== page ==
The efficacy of fish- and hydramethylnon-based baits for conservation of the African weaver ant (AWA) Oecophylla longinoda Latreille was evaluated at orchards in Bagamoyo and Mkuranga districts, Coast region of Tanzania, during the cashew off-seasons in 2011 and 2012. The baits were applied at monthly intervals; the dynamics of AWA were monitored by counting the number of leaf nests/tree and the colonization trails on main branches. The numbers of leaf nests recorded before baiting ranged between 3.5 and 5.3 and were not significantly different at both sites and in both seasons; after baiting, they ranged between 3.2 and 11.6 at Bagamoyo and between 3.0 and 10.2 at Mkuranga. The colonization of AWA trails recorded before baiting was also not significantly different at both sites and in both seasons and ranged between 37.9 and 50.0%; after baiting, this ranged between 35.9 and 75.1% at Bagamoyo and between 34.6 and 79.2% at Mkuranga. The provision of fish- and hydramethylnon-based baits can effectively contribute to the conservation of AWA during the cashew off-seasons. The fish-based bait is cheaper and more easily affordable by local farmers and can, therefore, be used as an alternative diet for AWA at this time. Copyright © ICIPE 2015.

Bull S.E.,University of Bath | Ndunguru J.,Mikocheni Agricultural Research Institute MARI | Gruissem W.,ETH Zurich | Beeching J.R.,University of Bath | Vanderschuren H.,ETH Zurich
Plant Cell Reports | Year: 2011

Knowledge and technology transfer to African institutes is an important objective to help achieve the United Nations Millennium Development Goals. Plant biotechnology in particular enables innovative advances in agriculture and industry, offering new prospects to promote the integration and dissemination of improved crops and their derivatives from developing countries into local markets and the global economy. There is also the need to broaden our knowledge and understanding of cassava as a staple food crop. Cassava (Manihot esculenta Crantz) is a vital source of calories for approximately 500 million people living in developing countries. Unfortunately, it is subject to numerous biotic and abiotic stresses that impact on production, consumption, marketability and also local and country economics. To date, improvements to cassava have been led via conventional plant breeding programmes, but with advances in molecular-assisted breeding and plant biotechnology new tools are being developed to hasten the generation of improved farmer-preferred cultivars. In this review, we report on the current constraints to cassava production and knowledge acquisition in Africa, including a case study discussing the opportunities and challenges of a technology transfer programme established between the Mikocheni Agricultural Research Institute in Tanzania and Europe-based researchers. The establishment of cassava biotechnology platform(s) should promote research capabilities in African institutions and allow scientists autonomy to adapt cassava to suit local agro-ecosystems, ultimately serving to develop a sustainable biotechnology infrastructure in African countries. © 2011 Springer-Verlag.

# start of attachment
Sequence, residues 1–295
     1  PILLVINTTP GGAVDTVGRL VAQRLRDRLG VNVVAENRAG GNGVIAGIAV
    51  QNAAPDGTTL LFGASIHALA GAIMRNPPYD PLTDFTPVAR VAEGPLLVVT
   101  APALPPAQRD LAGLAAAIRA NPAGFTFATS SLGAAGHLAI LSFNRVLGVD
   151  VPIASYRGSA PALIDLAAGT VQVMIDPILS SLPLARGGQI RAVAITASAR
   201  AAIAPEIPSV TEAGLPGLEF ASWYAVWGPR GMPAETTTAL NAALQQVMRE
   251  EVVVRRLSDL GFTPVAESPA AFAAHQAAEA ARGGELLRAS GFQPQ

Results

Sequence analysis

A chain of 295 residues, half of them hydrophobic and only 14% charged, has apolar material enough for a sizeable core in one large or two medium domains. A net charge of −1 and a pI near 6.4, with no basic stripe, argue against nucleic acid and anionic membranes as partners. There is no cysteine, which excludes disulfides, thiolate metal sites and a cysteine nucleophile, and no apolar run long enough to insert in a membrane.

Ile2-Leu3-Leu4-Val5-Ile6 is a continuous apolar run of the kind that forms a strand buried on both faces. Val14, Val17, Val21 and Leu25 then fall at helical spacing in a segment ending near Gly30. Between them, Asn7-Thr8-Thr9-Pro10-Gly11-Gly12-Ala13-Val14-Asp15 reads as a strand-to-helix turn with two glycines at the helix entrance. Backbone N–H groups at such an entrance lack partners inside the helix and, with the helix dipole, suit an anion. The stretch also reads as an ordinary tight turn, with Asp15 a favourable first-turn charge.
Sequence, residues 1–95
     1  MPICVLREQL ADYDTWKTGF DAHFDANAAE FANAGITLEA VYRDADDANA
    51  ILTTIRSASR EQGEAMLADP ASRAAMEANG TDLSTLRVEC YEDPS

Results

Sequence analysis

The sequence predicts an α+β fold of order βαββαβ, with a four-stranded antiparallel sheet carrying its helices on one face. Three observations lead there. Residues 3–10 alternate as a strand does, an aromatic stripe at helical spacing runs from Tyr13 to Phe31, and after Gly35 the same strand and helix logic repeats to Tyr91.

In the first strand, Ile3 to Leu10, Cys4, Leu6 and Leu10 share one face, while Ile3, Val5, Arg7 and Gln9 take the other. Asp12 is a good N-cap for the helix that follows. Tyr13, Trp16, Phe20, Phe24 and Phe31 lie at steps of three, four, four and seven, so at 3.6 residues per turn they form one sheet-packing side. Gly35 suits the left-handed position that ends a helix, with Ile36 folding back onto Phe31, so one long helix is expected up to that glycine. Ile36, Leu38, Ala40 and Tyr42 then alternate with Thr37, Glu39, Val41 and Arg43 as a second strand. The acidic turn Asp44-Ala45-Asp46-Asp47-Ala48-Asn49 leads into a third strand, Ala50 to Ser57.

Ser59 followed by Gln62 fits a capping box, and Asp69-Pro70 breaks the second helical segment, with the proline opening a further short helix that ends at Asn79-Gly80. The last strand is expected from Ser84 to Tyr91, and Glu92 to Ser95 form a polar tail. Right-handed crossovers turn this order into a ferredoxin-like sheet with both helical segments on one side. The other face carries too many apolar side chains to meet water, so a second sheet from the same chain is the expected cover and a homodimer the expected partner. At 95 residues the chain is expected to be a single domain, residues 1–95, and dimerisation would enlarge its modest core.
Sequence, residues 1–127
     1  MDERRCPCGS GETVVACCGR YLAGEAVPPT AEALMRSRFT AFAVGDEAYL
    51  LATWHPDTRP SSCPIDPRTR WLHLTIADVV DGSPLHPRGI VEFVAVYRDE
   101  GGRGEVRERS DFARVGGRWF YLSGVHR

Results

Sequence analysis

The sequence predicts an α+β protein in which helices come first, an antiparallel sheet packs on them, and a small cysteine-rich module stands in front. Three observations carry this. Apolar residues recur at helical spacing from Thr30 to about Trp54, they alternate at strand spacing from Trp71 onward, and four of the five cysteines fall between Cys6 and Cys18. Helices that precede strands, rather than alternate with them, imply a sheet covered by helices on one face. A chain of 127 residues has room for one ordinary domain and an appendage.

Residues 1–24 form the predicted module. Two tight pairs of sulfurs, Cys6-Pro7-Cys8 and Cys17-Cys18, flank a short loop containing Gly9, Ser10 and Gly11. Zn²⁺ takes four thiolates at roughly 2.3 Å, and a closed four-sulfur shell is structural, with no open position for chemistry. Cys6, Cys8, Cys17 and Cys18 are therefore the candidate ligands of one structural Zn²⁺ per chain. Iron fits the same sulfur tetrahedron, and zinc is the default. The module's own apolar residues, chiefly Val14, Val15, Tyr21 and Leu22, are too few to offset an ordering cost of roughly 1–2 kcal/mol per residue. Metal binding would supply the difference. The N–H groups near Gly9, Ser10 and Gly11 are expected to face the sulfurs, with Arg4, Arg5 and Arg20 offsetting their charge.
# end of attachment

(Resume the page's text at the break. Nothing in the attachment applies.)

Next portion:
Bredeson J.V.,University of California at Berkeley | Lyons J.B.,University of California at Berkeley | Prochnik S.E.,U.S. Department of Energy | Wu G.A.,U.S. Department of Energy | And 22 more authors.
Nature Biotechnology | Year: 2016

Cassava (Manihot esculenta) provides calories and nutrition for more than half a billion people. It was domesticated by native Amazonian peoples through cultivation of the wild progenitor M. esculenta ssp. flabellifolia and is now grown in tropical regions worldwide. Here we provide a high-quality genome assembly for cassava with improved contiguity, linkage, and completeness; almost 97% of genes are anchored to chromosomes. We find that paleotetraploidy in cassava is shared with the related rubber tree Hevea, providing a resource for comparative studies. We also sequence a global collection of 58 Manihot accessions, including cultivated and wild cassava accessions and related species such as Ceará or India rubber (M. glaziovii), and genotype 268 African cassava varieties. We find widespread interspecific admixture, and detect the genetic signature of past cassava breeding programs. As a clonally propagated crop, cassava is especially vulnerable to pathogens and abiotic stresses. This genomic resource will inform future genome-enabled breeding efforts to improve this staple crop. © 2016 Nature America, Inc. All rights reserved.